January 26, 2016
Written by Jane Otai, Jhpiego
To be a girl in the Viwandani slum of Nairobi, Kenya, means sleeping in a one-room shack with as many as eight members of your family. It means convincing your parents that your monthly school fees are worth struggling to save for. It means scrounging for rags or old mattress stuffing to fashion a sanitary pad so you can go to school during that time of the month.
And for too many, it means ignorance about reproductive health.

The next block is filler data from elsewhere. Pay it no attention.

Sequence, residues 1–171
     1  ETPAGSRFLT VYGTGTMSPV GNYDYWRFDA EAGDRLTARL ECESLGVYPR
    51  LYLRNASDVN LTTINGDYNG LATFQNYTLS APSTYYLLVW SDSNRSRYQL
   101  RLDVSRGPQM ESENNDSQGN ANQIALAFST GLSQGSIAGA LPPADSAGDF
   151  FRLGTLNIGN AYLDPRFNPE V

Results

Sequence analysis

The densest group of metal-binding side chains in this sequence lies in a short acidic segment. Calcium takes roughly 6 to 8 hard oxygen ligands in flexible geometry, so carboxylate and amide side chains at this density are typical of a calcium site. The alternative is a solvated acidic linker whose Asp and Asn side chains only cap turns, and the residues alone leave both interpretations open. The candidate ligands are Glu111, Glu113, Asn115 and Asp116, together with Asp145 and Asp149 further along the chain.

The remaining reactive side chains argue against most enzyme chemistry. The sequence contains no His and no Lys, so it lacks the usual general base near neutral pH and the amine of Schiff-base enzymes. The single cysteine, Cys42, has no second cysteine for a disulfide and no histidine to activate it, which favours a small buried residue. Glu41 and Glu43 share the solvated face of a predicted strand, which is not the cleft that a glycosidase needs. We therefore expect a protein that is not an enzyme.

I am a health care educator who has spent a decade working with women and families in the slums of Nairobi. When I meet with adolescents, as I did recently with a group of 75 in Viwandani, I talk about how to manage menstrual periods and the benefits of delaying pregnancy. On this particular visit, I was also there to deliver much-needed sanitary pads donated by girls’ schools in the Baltimore-Washington area.